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#2912 10/14/02 11:16 PM
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Hey all,

I have a problem. I have a small pond shoot maybe 1/4 acre and the poor little girl is a leaker. I spoke with at gentleman today about it and he recommended I put a "key" in the pond. He's stated that if I dug around the pond sides deeper than the pond itself and then just put the spoils right back in that I should be alright and that shoudl take care of the leak. My question is do other here do it or have or even heard of it? And maybe more details as to why this might work. Thanks everyone.

Darin

#2913 10/15/02 09:35 AM
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How much water are you losing and how quickly? Do you lose the water for sure throught the banks or could it be from evaporation?


Owner/Builder of Ottawa Canada's first official off-grid home.

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#2914 10/15/02 10:08 AM
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Also how old is the pond?

#2915 10/15/02 12:31 PM
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A "key" is a trench dug through porous soils, "keyed" into clay or bedrock, then backfilled with mixed, processed, nonporous soils, compacted to the top of the trench, essentially building an underground "wall", impervious to escaping water. Also called a "core trench", a "key'" or "keyway", this trench is placed strategically, where water tries to make its escape. Remember, we only borrow water for a time. Water always wants to leave, by seeking its path of least resistance, whether seeping through leaky dirt, or making its way to clouds via evaporation or sublimation, or through the digestive system of a creature. So, if you want to build a key, talk to local earthmovers, people who know your soils. Talk to the NRCS...they seem to know all the best earthmoving contractors. Here's the answer to your question...find an earthmover who knows your soils, how to build a keyway, and how to decide whether or not that's the answer to your problem. If your lake leaks to a certain level, then stops, a keyway certainly could be the answer. Find a pro you are confident in, and let him help you.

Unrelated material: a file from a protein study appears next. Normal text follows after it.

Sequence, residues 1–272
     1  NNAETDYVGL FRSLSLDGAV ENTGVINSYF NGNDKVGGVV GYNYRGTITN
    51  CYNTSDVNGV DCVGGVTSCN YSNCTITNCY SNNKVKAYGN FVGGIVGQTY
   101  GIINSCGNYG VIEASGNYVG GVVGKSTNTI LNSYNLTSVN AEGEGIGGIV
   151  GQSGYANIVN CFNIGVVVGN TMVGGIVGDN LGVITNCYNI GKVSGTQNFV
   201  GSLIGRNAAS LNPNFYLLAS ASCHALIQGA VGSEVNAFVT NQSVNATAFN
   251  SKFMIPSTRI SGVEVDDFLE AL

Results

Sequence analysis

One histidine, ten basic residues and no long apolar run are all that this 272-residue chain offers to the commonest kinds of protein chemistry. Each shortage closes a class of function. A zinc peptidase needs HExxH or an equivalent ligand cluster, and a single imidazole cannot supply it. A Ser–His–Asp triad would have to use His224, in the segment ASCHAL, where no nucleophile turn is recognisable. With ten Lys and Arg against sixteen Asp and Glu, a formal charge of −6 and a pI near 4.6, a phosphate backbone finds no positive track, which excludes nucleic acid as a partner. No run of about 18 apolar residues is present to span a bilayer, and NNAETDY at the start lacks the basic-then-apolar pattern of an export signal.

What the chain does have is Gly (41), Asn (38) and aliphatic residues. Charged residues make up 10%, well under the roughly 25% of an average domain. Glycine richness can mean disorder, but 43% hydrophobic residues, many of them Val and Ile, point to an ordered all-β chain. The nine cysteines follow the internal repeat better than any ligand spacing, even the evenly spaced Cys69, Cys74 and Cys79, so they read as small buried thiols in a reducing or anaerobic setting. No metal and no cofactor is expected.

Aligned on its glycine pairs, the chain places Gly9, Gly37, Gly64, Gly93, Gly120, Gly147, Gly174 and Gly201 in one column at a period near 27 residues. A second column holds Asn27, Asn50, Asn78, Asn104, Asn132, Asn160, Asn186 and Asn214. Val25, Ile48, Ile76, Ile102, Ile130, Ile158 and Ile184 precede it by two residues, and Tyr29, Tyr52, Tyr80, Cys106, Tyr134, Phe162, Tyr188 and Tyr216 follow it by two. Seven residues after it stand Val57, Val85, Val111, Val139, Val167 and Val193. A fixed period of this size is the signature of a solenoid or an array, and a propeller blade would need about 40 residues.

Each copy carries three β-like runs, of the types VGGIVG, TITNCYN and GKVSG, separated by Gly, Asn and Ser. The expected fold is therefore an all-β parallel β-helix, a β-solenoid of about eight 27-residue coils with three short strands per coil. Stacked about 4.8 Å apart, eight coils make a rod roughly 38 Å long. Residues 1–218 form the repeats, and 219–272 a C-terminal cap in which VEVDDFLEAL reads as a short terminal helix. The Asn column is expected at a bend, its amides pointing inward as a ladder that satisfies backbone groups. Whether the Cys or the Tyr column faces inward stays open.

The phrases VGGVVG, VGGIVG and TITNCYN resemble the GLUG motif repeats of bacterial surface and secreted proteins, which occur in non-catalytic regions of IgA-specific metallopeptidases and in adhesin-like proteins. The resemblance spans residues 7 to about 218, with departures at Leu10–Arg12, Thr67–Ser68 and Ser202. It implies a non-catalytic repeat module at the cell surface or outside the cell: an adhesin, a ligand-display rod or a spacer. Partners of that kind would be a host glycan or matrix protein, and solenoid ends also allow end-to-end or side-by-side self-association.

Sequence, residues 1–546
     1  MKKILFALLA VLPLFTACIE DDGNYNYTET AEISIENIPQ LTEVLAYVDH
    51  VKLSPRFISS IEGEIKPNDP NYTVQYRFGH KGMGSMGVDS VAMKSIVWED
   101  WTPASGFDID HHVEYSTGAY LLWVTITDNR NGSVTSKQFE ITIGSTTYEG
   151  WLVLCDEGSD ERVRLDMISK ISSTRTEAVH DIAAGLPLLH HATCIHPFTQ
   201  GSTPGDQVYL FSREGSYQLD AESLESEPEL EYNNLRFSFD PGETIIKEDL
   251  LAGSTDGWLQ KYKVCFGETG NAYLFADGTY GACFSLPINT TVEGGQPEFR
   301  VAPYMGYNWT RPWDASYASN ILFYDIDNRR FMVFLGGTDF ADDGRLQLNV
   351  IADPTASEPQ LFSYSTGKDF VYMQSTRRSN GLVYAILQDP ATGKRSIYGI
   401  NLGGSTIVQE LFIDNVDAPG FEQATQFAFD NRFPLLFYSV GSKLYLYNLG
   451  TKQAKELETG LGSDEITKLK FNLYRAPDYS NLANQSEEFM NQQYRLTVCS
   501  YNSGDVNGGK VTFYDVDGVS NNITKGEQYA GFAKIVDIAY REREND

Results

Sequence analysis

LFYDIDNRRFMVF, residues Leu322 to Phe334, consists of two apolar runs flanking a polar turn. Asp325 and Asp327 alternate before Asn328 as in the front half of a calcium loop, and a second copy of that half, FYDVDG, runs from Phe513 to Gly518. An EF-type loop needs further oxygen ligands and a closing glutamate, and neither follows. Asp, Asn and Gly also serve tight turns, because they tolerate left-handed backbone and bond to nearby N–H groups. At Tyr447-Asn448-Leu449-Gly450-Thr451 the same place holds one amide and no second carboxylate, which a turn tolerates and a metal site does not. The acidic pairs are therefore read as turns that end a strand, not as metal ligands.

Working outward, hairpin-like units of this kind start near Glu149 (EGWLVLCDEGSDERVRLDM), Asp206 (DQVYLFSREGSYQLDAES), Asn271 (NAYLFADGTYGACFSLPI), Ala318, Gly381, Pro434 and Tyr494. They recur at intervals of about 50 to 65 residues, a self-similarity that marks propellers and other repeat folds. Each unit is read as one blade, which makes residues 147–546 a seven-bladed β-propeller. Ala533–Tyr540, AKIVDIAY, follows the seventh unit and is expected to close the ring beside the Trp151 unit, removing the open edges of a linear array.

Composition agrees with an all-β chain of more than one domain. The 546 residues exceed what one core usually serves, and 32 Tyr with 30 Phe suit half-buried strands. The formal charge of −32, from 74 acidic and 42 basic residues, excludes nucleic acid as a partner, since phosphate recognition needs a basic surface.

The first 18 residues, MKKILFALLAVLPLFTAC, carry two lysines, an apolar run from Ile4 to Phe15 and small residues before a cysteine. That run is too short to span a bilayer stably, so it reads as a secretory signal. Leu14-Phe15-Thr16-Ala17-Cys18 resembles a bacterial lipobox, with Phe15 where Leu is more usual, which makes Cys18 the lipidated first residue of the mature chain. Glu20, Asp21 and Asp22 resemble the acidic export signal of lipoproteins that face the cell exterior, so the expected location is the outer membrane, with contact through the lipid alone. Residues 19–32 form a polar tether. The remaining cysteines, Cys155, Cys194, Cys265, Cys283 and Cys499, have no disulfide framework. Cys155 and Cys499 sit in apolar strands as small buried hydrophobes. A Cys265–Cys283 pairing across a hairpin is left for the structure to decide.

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#2916 10/15/02 01:56 PM
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Pottsy- I would say that after a good rain when the makeup is really running it looses about 1.5' in about a week with low makeup rates sometimes.

Bob- The pond is about 5yrs old with the latest modifications done this spring.

Bob Lusk- Thanks for that description for you have helped me try to understand it. I know I shoudl find the local pro but sometimes just try to get by with what I got and from answers I get from groups like this awesome bunch. \:\)

It seems to have stopped or at least slowed down alot because the seepage would leave a small stream down the dam or retention wall(?????) Now there is no leak stream or wet spots and the level has maintained now for a while. Hmmmmmmm??

Darin

#2917 10/15/02 02:26 PM
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1.5" a week doesn't seem too awful bad to me if it has been wamr and sunny, runoff and direct rain may not be enough to match evaporation some times. With recent modifications you may see the level drop a few times before everything seals up.


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#2918 10/15/02 05:59 PM
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O.K. thanks for the help. I have a question though- without really knowing whats going on do you think that if I take my excavator Cat E110B 25,000lb and basically just dig blindly on the sides of my existing pond and put the spoils off to the side until digging the whole wall and then just push the spoils back in and packing it again with the stick and bucket that it would have a better chance of being leak free than just seeing if it stops on it own?